Last week a friend called me up saying that he had received an unexpected email from a supplier. The supplier was undertaking a piece of work for an agreed price in an agreed timescale. My friend told me that the email contained advance notice of extra charges which he had not agreed to spend and was furious with the supplier. He went on to say that he had written an email to the supplier explaining how the supplier was completely out of order and demanding that he addressed the issue immediately BUT before he pressed ‘send’ he wondered what my take would be.
I asked him what he wanted to achieve and he said, ‘I want the job we agreed for the price and timescale I agreed’
I asked him how the email he planned to send would further that aim? I asked him to consider what message the supplier would receive as a result of the email he planned to send?
We concluded that the supplier would read the email my friend wanted to send as an accusation of being a liar and a cheat. We also concluded that this was unlikely to leave the supplier in the frame of mind to complete the work in a spirit of goodwill. In fact, it was more likely to create an enemy. We also assessed that finding another supplier would add even more risk to the project. And, grudgingly my friend accepted that the supplier had offered him a really good deal.
My friend asked me what I would do in response to the unexpected email. I said my starting point would be one of curiosity. I would write to the supplier and explain that on the basis of what we agreed in terms of price and timescale, I was really interested in his thinking and rationale for the extra charges and also curious to understand how this matched with the agreement we had made and what he was wanting from me in response to the proposition.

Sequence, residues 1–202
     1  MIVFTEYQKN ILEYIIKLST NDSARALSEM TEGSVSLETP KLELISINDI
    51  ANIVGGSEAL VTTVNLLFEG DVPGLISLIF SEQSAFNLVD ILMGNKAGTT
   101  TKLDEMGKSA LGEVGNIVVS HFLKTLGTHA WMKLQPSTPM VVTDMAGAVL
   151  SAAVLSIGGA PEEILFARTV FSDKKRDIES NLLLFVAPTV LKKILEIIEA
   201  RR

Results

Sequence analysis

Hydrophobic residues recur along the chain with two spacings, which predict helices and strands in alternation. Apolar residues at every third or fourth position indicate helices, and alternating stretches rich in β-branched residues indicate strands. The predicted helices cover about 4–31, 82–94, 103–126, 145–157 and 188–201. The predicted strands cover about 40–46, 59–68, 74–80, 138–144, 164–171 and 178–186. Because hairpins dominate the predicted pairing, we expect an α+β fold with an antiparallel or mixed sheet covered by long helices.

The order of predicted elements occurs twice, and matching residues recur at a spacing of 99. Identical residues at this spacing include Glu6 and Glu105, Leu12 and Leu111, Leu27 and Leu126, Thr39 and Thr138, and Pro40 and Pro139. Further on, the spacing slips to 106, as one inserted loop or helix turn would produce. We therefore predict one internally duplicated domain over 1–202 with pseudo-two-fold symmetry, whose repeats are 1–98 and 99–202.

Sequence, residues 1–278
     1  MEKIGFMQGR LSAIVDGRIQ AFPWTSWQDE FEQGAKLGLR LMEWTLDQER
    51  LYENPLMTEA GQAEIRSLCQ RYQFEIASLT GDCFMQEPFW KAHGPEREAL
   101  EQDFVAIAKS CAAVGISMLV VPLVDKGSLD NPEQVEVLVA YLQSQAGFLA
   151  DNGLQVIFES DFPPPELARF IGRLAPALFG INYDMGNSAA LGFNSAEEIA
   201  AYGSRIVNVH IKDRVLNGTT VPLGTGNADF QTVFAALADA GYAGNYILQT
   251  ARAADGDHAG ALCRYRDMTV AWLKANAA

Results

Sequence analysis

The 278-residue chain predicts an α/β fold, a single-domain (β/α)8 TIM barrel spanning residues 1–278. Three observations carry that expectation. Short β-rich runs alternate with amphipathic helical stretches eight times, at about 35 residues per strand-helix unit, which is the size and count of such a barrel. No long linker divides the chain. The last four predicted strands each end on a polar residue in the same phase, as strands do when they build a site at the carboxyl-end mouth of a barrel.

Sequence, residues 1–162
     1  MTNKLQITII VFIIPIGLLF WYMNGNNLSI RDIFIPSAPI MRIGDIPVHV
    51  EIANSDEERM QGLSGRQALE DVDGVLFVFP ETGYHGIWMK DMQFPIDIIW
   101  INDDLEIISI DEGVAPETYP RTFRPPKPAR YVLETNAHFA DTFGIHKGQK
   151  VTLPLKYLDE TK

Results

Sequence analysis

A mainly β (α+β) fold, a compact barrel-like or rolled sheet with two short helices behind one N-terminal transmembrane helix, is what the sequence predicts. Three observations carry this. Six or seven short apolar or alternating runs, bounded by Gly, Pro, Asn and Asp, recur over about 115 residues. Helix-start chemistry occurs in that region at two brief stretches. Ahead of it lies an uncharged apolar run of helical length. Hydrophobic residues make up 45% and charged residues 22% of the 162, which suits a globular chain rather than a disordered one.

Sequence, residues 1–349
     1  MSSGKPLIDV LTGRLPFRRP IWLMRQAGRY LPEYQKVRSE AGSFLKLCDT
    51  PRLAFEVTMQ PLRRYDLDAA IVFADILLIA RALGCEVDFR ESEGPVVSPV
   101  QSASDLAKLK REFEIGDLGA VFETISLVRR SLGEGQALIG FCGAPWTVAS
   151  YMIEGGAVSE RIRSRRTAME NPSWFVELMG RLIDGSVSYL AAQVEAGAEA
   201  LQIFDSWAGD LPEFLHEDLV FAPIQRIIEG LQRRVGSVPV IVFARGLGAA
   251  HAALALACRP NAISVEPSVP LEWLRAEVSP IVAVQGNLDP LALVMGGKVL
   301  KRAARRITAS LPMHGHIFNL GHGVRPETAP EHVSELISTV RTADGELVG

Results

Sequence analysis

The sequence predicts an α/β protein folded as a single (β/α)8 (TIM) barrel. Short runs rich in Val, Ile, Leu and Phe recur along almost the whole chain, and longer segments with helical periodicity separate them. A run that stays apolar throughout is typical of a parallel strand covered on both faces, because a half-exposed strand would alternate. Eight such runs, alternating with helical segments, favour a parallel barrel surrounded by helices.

My friend wrote to the supplier as we discussed and was pleasantly surprised to receive the following response;
‘I guess when I looked at the job I could see that I had been hasty in agreeing the price. It is much more work than I anticipated because I hadn’t taken into account XXXXXXXX. On reflection, I guess I have to take the hit and hope that you’re so happy with the work we can work together again’
My friend was amazed. I predicted that if he’d sent his original email he would have received an adversarial response possibly even threatening not to complete the job.
So amazed was my friend he wrote back; ‘Thanks for this. Yes, neither of us took into account XXXXXX, so how about I offer you an extra £X as acknowledgement for what you’re putting in and assuming we’re both happy at the end of this project, we’ll see how we can work together again’
The DRM teaches us:
- that our initial reactions can lead to responses that might not bring us the outcomes we desire
- responding to people in a way that challenges their integrity is likely to get an adversarial response
- dealing with risk requires us to consider everyone’s feelings
- choosing to be genuinely curious about another person’s thinking especially when it challenges my point of view, is most likely to create the conditions in which something more wonderful can happen.
If you enjoy reading this blog, please consider making a donation to the Centre for Peaceful Solutions. If you think someone else would enjoy reading this blog post, please share it.